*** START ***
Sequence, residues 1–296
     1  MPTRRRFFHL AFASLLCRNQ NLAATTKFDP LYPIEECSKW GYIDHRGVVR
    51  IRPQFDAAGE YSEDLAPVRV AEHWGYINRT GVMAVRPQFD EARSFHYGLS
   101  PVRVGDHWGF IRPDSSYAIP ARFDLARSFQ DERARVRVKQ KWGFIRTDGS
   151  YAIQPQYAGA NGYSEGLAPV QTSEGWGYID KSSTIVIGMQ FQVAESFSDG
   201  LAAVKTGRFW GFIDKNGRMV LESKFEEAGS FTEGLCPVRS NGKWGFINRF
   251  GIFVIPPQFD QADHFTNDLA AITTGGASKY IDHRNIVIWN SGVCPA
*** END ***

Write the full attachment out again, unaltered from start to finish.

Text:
Sequence, residues 1–296
     1  MPTRRRFFHL AFASLLCRNQ NLAATTKFDP LYPIEECSKW GYIDHRGVVR
    51  IRPQFDAAGE YSEDLAPVRV AEHWGYINRT GVMAVRPQFD EARSFHYGLS
   101  PVRVGDHWGF IRPDSSYAIP ARFDLARSFQ DERARVRVKQ KWGFIRTDGS
   151  YAIQPQYAGA NGYSEGLAPV QTSEGWGYID KSSTIVIGMQ FQVAESFSDG
   201  LAAVKTGRFW GFIDKNGRMV LESKFEEAGS FTEGLCPVRS NGKWGFINRF
   251  GIFVIPPQFD QADHFTNDLA AITTGGASKY IDHRNIVIWN SGVCPA